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Concussions lead as most severe sports injuries among young athletes - Ogden Clinic provided source, Standard-Examiner 08/26/2013

(Standard-Examiner) Every 25 seconds, a young athlete experiences a sports injury so severe, it sends him to the emergency room.

New research released earlier this month by Safe Kids Worldwide studied injuries in the 14 most popular sports. Concussions accounted for 163,000 emergency room visits, or a concussion-related ER visit every three minutes.

The report shows it isn’t just high school athletes suffering concussions. Those ages 12 to 15 make up nearly half of those sports-related concussions. In addition, the study reports, younger children with concussions take longer to recover than older children.

In 2011, the sport with the most injuries was football, which also has the highest concussion rate. Wrestling and cheerleading had the second- and third-highest concussion rates. Ice hockey also has an extremely high number of concussions.

“The more common injuries that we see in school-age children vary between sports,” said Dr. Michael M. Hess, an orthopedic surgeon in Bountiful. “Football has some of the more significant injuries. … Concussions have become a significant problem. Repetitive concussions are also a major concern.”

Symptoms of concussion can include a brief loss of consciousness, headache, nausea, vomiting and confusion, Hess said. The patient may also feel like they are in a fog or dizzy and experience neck pain, irritability and confusion.

Hess said any athlete with a suspected concussion should be evaluated by trained health care providers. If the patient is unconscious, he or she should be treated as if a neck or head injury has been sustained. The player should never go back to playing until he has been evaluated and cleared by a physician.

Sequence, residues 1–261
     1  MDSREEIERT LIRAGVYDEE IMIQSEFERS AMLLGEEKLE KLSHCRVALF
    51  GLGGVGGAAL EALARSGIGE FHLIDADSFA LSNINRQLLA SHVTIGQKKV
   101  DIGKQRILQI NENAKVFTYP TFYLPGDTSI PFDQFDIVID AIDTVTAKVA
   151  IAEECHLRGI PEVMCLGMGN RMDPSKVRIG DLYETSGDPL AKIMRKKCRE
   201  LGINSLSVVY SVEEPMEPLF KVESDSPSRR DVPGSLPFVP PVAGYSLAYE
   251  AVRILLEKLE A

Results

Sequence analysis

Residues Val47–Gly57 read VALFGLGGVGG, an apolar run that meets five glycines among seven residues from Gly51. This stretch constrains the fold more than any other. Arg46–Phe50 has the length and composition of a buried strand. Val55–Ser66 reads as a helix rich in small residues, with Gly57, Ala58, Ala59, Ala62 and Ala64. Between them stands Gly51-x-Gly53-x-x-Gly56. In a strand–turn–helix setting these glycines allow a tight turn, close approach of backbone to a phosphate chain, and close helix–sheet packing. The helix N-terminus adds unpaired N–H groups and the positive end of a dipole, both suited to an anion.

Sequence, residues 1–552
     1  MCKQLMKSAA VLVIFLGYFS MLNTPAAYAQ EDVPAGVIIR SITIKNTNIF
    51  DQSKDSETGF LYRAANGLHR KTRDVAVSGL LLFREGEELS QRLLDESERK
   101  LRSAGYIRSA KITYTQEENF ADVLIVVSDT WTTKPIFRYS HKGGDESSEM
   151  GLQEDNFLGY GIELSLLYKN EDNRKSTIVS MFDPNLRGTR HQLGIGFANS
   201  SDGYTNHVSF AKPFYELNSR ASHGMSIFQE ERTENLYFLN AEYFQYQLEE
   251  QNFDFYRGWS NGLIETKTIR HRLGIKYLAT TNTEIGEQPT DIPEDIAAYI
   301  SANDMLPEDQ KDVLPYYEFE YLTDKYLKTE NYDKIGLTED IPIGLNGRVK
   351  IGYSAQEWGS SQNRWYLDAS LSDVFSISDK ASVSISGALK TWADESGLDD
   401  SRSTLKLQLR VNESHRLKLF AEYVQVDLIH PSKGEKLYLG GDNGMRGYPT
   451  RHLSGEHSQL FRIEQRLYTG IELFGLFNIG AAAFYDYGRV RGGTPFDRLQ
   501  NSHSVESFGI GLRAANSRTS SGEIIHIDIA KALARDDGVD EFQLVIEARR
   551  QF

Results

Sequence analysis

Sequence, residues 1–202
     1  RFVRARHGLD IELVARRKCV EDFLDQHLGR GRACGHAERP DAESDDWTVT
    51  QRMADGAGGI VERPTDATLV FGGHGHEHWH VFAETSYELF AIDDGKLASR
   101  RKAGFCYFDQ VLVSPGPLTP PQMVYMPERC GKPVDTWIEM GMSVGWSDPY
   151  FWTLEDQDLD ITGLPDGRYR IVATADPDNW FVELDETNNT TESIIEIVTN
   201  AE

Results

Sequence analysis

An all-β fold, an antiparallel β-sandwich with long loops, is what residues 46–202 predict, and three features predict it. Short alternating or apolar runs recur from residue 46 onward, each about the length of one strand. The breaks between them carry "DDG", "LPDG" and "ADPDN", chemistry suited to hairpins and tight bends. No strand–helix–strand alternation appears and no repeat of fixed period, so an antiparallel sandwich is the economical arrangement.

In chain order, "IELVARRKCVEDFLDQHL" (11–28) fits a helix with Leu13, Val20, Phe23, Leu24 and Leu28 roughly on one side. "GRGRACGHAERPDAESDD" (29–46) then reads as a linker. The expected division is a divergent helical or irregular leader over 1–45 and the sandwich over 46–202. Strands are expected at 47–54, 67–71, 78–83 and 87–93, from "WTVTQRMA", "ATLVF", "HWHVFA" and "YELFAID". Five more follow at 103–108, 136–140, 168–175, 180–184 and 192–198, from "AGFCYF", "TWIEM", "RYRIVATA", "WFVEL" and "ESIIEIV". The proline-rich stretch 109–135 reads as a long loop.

“Stingers are often seen in collision sports, where a nerve in the neck or shoulder gets stretched or pinched, causing pain as well as numbness down the arm,” Hess said. “This can become a chronic problem if the athlete has recurring injuries.”

Additional common injuries from sports can include tearing of ligaments around the ankle, fractured clavicle (collarbone), separation of the joint at the end of the clavicle, shoulder injuries and dislocations.

Dr. Brett Richards, an orthopedic surgeon at Ogden Clinic, said he also sees knee injuries, such as meniscal or anterior cruciate ligament tears, ankle sprains, broken bones and a number of finger and hand injuries

“It’s important to remember that kids can be injured during a variety of sports. This time of year, parents tend to think about contact sports, such as football or lacrosse, but boys and girls involved in all types of activities, such as track, baseball, dance and cheerleading, can be injured just as easily. Preparation is key before you enter your kids into fall sports activities,” he said.

Both physicians said it’s important to make sure athletes have proper athletic equipment, plenty of water and other hydrating fluids, appropriate conditioning of the body and a good physical before they begin participating in sports. Also, teach them to stretch, warm up, cool down and recognize the signs of injury.

Some typical injuries seen on high school fields • Concussion — A concussion can be mild to severe. A child may experience a complete loss of consciousness on the field. He or she may also experience headaches, nausea, and become emotional and forgetful about what happened just prior to the play or incident. • Sprain — With a sprain the child will experience pain, tenderness or swelling. With most sprains, the child will still be able to bear weight (although it may be painful). • Broken bones — Broken bones can be obvious (i.e., bone sticking out of the skin), or the child may experience the same symptoms as a sprain, but it is extremely painful or impossible to bear weight on the affected area. • Pulled muscle — Most patients will experience tenderness at the site of the muscle and will have a difficult time stretching. For sprains and pulled muscles, use the RICE method – rest, ice, compression and elevation. If you suspect a broken neck or broken limb, do not move the child. Call 911. The child needs to remain very still until paramedics arrive. If the child is injured while wearing a helmet, do not remove it. If the child has suffered a concussion, resumption of a contact sport is a minimum of three weeks away. Source: Dr. Brett Richards